According to the invention, it is possible to introduce into the mat, before or at the time of winding, a dispersed filler such as a fine inert powder made from refractory or carbonaceous material, in particular in order to enable the diameter of the pores to be adjusted at the desired location, for example in the portion of the mat corresponding to the inner surface of the tube. This filler may also be constituted by ground fibres made from material which is inert, especially towards carbon (carbon fibres, glass fibres, silicon carbide fibres etc.), which fibres are capable of modifying the diameter of the pores.
In particular, it is advantageous thus to modify only a portion of the mat, that corresponding to the inner surface of the final tube, in such as way as to have a porous tube with an asymmetrical structure, typically with a pore diameter 10 times smaller for the modified inner portion than for the non-modified adjacent portion. In fact, especially in the case where the tube made from C--C composite material must act as support to a membrane which is very thin and has very fine pores, a support having a very uniform inner surface and having adapted porosity is particularly desired. It is important to note that these properties are obtained without significantly reducing the permeability of the support because a low thickness of the support has been modified on dimunition of the pore diameter.
Moreover, a porous composite tube, one face, generally the inner face, of which has been thus modified may, optionally, be used as it is as a filtering element without addition of a membrane.
The fillers which can be used for reducing the pore diameter have an average particulate size between 0.1 and 10 μm and in the portion of the porous tube where they are present, preferably the inner portion, they occupy a volume fraction between 1 and 20% of the total volume and, preferably, between 5 and 10% of the total volume.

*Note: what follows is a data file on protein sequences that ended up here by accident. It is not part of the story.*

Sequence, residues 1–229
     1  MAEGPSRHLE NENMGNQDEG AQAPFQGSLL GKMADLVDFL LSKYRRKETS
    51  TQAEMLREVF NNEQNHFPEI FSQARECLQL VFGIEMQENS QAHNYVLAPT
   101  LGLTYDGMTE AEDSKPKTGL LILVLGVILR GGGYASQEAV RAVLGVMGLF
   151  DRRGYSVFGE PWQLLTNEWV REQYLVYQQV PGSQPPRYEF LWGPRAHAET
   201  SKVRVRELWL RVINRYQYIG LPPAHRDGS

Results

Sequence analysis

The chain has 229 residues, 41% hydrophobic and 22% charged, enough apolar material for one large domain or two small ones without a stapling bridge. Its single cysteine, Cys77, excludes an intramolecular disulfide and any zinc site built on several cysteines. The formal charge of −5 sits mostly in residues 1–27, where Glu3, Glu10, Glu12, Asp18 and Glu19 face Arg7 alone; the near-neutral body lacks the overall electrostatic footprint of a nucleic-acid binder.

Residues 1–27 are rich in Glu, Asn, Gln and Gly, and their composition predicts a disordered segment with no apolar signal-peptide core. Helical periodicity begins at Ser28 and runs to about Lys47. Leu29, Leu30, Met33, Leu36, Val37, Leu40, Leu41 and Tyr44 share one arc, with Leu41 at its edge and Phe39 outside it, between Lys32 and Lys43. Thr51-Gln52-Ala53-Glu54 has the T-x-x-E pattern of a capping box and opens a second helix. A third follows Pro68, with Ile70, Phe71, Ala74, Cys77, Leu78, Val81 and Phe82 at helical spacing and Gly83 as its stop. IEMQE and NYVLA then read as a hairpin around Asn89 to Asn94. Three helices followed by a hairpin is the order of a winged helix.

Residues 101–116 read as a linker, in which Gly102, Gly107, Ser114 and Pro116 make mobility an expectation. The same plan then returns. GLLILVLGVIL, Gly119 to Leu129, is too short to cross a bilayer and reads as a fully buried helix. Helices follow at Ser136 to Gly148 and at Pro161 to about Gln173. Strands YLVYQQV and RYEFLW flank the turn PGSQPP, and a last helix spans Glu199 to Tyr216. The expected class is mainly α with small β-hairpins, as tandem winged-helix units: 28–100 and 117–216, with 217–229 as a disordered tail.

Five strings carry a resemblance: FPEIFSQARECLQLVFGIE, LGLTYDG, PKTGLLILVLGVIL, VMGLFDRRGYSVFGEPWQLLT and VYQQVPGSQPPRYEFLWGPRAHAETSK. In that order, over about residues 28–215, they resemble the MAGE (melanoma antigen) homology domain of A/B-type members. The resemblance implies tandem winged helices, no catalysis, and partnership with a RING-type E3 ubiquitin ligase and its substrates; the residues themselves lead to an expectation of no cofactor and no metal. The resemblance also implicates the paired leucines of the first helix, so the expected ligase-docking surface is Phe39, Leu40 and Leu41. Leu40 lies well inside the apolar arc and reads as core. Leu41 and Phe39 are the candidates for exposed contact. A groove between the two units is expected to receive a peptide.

Moreover, it is advantageous, in order to reinforce the asymmetry of the porous tube and consequently to increase the filtration rate, to use successive mat layers making it possible to obtain, in the final tube, pore diameters which increase in the direction of the flux to be filtered, that is to say generally from the inside towards the outside of the porous tube. It is advantageous that these pore diameters are substantially in a ratio of 10 between one layer and the next, which may be obtained by adjusting the density of the mat and/or the diameter of the fibres.
The mandrel (1) over which the mat layer is wound is a profile made from material which is rigid enough not to be deformed by the compression means (4), especially by its passage through a die. It has a cross-section substantially corresponding to the inner cross-section of the porous tube made from C--C composite material according to the invention.
Although a circular cross-section is the most common for a tube, the invention is not limited to this crosssection. Any non-concave cross-section may be suitable as it enables a sheet to be wound whilst keeping close contact between the sheet and the mandrel acting as support, a contact which is necessary in order to provide, by extrusion, an isotropic compression of the mat.
The mandrel is composed of a material which is thermally stable at least up to the temperature of polymerisation of the resin, that is to say about 150-200° C. According to the invention, the mandrel may be a rod or a tube made from carbon, from graphite, from PTFE, from metal or metal alloy or from metal or metal alloy covered with PTFE. It is convenient to use a copper tube because of its good surface finish, its high thermal conductivity, its high melting point and its expansion during the thermal carbonisation treatment.
In order to describe the various ways of winding the sheet (2) over the mandrel (1), consideration is taken of the relative position of the axis (8) of the mandrel (1) and of the direction (12) of the sheet (2) (represented by an arrow parallel to the long sides of the sheet - see FIG. 1). This relative position may be expressed by the angle α which the direction (12) of the sheet makes with the axis (8) of the tube.